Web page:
Ajax and PHP: Building Modern Web Applications, 2nd Ed. (Review)

Photo by Mike Johnston - http://www.flickr.com/photos/mikejsolutions/3078513728/

Just found this long overdue review of Ajax and PHP: Building Modern Web Applications – Second Edition sitting in a drafts folder – looks like I never published it. (Full disclosure – Packt sent me a review copy).

This is the successor to the wildly popular Ajax and PHP: Building Responsive Web Applications, which came out back in 2005. The authors of this edition are Bogdan Brinzarea-Iamandi, Christian Darie, and Audra Hendrix. (Brinzarea-Iamandi was also one of the authors of the first edition).

This is a really useful book for the right audience, covering:

  • Simple PHP, including connecting to MySQL
  • Basic MySQL and relational databases, including some basic queries
  • JavaScript, including a discussion of object oriented JavaScript and the benefits thereof
  • JQuery, which is rapidly becoming the dominant JavaScript framework (and is now included in applications like WordPress and Drupal)
  • Debugging approaches and techniques, including profiling
  • Cross-site scripting exploits and how to mitigate them
  • Cross-domain ajax calls using server proxies, Flash, iFrames, and JSONP

In other words, although it does use Ajax as the ostensible subject at hand, in order to explain how Ajax works in the context of real web applications, the book ends up covering a wide ground in a rapid fashion. The book culminates in two practical examples: a chat application and a data grid, both using JQuery, PHP, and MySQL together in familiar patterns.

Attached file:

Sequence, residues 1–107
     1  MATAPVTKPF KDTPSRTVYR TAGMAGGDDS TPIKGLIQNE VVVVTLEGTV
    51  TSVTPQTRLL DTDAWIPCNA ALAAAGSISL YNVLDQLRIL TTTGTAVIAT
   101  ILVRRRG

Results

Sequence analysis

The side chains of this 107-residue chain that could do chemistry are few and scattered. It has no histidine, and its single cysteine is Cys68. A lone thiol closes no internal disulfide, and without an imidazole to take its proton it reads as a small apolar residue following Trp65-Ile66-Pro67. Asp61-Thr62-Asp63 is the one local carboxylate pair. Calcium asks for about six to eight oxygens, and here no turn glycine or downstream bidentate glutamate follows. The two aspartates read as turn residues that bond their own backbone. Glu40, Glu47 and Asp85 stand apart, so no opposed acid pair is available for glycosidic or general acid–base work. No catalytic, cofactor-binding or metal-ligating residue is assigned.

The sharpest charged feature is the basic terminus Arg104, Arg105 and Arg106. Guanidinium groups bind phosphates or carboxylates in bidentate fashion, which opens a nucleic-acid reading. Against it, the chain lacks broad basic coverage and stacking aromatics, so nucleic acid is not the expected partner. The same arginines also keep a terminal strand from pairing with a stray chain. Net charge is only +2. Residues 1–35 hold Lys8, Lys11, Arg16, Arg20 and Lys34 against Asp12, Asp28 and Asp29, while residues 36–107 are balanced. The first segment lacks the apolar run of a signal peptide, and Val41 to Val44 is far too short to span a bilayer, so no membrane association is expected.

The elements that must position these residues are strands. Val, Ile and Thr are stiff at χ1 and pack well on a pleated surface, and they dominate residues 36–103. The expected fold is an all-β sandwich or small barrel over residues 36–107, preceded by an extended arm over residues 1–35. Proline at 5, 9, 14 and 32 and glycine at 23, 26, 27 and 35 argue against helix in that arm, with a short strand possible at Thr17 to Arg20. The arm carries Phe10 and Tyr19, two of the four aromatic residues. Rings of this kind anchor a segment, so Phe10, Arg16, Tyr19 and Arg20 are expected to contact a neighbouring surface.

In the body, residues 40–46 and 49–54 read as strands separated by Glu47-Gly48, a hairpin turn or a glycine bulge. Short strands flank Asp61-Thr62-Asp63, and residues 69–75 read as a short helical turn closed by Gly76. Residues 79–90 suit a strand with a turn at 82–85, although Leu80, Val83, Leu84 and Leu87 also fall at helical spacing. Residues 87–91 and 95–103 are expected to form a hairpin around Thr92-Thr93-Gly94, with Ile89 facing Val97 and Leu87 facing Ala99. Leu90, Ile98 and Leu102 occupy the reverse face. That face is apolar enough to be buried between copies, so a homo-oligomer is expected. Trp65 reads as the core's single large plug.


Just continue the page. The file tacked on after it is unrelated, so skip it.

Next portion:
More experienced readers might be frustrated by how quickly the book moves through these topics. Trying to cover, for example, “Object oriented programming concepts” in four pages requires a very concise definition and not a huge set of examples or illustrative excercises. The book also doesn’t stray outside the LAMP stack, to talk about Ajax in Microsoft.NET, Java, Python, or Ruby applications, and doesn’t address other relational databases, let alone the whole NoSQL movement. There’s also no HTML5 discussion, but you have to remember the book was published in December of 2009.

One decision which struck me as odd, but may be a reflection of my personal experience, is that they cover (in an appendix) setting up XAMPP for Windows and Linux, but for Mac OS they send you to a web tutorial. Have you been to a web dev conference lately and seen how prevalent the Apple logo is? I get why you’d want to focus in and not try to cover all the cases, but I think based on my experience I might out Mac instructions first.

But coming to this book expecting detailed architectural discussions across multiple platforms is looking for wisdom in all the wrong places. Peruse the table of contents at the PACKT site and see which category you (or whomever you’re buying the book for) might fit in.